10. Finally, music export has continued to be an intrinsic part for industry development due to the relatively small size of Singapore’s market. We welcome back Deon, Caracal and Kevin Lester from their recent shows at Canadian Music Week (CMW). Canadian Music Week is an important platform for us in the music event calendar, and with many Singapore artists regularly being invited to perform there highlights the ongoing interest in our talent.
11. We’re also beginning to see industry success for Singapore artists. Sony Music Singapore has recently signed three acts - Sezairi, Trick and Gentle Bones, whom, I understand, will be making their appearance in the programme later. Cosmic Armchair was recently signed to Belgian EDM (Electronic Dance Music) label Alfa Matrix; Wormrot was recognised as one of Grindcore’s Top 10 bands worldwide by OC Weekly; MonsterCat’s debut album ‘The Violet Hour’ reached Number 1 on iTunes, and local labels such as Darker Than Wax are building a strong presence internationally.
12. Many of these developments would not have been possible without the music industry coming together to speak with one voice. This happened two years ago, when the Music Society, Singapore or SGMUSO was born on this very platform at Music Matters. We know that industry associations have always played a big part in promoting music development in countries like Canada, Australia, the UK and the US, and it is no different here in Singapore. I would like to acknowledge the contributions of the founding members of SGMUSO and its current team, including Graham Perkins, Syaheed, Mike See, Danny Loong, Kevin Matthews and Sarah Sim, and all its 820 members, who have come together, and put their vested interests aside to tirelessly push for the promotion and advancement of Singapore-made music.
This week, over 100 members of SGMUSO have been given free access to participate in the Music Matters conference and the exclusive Music Matters Academy that begins tomorrow. This year, the Academy has been expanded to include all artists performing at Music Matters Live, which will enable a greater opportunity for learning and collaboration. For this, I’d like to thank Jasper and HP for their kind support.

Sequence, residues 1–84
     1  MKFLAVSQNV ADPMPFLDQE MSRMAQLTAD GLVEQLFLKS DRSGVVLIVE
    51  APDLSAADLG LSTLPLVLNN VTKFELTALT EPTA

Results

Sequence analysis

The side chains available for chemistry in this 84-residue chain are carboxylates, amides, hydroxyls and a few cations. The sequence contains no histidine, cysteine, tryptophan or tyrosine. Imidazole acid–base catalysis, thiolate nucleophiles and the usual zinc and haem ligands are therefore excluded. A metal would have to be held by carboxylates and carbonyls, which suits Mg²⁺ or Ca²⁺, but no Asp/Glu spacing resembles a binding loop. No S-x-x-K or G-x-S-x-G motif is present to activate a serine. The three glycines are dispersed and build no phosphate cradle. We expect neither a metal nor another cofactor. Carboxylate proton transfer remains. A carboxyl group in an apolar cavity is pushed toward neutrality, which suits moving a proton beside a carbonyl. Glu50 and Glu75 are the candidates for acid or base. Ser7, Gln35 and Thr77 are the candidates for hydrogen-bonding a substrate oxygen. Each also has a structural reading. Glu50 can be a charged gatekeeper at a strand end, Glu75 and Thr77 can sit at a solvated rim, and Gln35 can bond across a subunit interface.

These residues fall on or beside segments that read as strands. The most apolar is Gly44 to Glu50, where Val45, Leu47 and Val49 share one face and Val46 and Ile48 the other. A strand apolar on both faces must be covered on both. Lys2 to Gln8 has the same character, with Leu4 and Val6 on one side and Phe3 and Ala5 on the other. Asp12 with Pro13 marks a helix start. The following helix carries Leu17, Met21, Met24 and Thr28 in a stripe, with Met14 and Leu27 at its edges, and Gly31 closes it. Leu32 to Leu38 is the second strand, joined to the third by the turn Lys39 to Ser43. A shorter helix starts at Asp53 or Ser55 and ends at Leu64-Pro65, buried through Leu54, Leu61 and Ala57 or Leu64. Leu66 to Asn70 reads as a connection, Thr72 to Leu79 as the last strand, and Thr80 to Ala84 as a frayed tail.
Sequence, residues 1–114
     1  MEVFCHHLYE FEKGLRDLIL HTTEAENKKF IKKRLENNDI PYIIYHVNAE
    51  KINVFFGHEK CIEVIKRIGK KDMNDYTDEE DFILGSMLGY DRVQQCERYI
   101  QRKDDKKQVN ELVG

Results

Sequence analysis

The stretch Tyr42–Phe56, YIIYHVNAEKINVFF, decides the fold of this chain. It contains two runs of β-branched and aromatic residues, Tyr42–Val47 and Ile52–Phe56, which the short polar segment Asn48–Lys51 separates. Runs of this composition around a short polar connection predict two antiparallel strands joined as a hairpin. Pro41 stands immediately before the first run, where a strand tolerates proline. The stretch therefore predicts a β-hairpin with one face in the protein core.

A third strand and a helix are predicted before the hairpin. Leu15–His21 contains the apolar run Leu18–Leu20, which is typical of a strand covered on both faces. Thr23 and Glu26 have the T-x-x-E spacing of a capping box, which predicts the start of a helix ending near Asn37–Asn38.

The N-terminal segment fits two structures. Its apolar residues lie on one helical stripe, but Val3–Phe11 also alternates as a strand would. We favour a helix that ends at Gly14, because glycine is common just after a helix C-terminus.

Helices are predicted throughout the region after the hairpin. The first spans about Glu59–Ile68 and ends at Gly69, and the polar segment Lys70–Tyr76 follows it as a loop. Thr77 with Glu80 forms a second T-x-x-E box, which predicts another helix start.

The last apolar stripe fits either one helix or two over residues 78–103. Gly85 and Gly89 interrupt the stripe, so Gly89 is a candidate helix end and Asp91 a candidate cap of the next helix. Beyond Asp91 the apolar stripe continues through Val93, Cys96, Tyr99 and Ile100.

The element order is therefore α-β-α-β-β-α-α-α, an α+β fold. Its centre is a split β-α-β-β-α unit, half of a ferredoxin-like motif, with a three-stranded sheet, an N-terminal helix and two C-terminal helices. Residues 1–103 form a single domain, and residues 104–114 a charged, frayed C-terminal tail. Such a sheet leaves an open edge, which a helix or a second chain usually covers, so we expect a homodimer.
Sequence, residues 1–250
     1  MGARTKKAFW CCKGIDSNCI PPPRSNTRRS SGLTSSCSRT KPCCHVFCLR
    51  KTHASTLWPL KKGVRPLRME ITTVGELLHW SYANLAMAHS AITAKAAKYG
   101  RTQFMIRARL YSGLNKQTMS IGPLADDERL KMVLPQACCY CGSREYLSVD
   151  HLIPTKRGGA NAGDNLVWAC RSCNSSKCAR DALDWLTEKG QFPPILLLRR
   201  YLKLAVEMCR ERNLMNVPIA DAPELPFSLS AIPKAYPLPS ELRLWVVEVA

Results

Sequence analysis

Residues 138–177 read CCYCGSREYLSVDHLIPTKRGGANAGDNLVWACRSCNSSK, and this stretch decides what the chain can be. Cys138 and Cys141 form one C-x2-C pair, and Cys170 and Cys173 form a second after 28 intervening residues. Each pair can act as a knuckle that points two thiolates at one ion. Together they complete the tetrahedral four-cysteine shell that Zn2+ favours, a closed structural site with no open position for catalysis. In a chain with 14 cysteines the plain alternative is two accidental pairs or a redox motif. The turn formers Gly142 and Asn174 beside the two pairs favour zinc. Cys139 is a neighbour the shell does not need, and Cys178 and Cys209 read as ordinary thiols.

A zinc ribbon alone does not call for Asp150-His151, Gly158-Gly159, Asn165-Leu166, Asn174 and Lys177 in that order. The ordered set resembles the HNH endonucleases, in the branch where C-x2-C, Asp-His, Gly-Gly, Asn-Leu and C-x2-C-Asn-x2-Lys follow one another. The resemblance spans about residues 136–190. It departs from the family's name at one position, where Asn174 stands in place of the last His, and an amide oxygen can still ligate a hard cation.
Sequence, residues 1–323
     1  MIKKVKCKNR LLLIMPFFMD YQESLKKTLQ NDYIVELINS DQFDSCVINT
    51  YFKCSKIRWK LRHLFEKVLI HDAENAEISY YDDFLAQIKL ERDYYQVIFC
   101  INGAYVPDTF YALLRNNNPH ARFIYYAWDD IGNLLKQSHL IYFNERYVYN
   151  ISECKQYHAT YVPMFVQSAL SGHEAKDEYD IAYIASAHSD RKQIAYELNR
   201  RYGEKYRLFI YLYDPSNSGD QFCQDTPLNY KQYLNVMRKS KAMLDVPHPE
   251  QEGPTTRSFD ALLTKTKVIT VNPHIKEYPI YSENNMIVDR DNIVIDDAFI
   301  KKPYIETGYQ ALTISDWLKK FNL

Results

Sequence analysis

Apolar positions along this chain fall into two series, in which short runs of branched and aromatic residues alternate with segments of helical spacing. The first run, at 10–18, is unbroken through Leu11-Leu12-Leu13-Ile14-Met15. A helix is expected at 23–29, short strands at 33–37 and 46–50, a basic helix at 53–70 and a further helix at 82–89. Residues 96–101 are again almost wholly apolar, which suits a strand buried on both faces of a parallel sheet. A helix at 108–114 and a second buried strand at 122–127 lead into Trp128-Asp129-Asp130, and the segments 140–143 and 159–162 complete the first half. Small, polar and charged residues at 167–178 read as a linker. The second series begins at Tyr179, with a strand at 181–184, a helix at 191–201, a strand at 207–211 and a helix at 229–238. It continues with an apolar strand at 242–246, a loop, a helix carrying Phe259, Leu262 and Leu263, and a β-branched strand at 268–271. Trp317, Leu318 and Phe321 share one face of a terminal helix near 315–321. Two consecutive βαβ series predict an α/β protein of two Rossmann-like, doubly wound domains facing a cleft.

14. The Singapore music industry has made some good strides, but I believe we still have a long journey ahead of us. Deeper, more sustainable efforts are needed if we want to transform what is now just a Singapore music scene into a Singapore music industry. This can only be achieved if key stakeholders play a part to ensure the wider accessibility of Singapore-made music. For a start, I’m proposing three ideas: First, a radio broadcast quota to help build an audience and jumpstart the demand for homegrown music. Second, a strong export strategy that can tap into the commercial and soft power potential of our music talent in international markets. Third, a central agency to promote excellence, support the needs of the music industry and develop a strong vision for everyone to work towards. Hopefully, as I mentioned earlier, one of them is being looked into right now – so, one down, two to go!
15. The government has said that it cannot do this alone. Well, I have no doubt that with sustained efforts from industry professionals and associations like SGMUSO, to promote and advocate for Singapore music, we will get there in good time. Singapore is young. But I believe we can make our music a part of the lives and memories - not only of Singaporeans but music listeners worldwide - and that, one day, like many countries all over the world, we too will have a strong music heritage to look back upon, and be proud of.
16. On that note, I wish each and every one of you a wonderful and productive time at the conference. Thank you!
Published with permission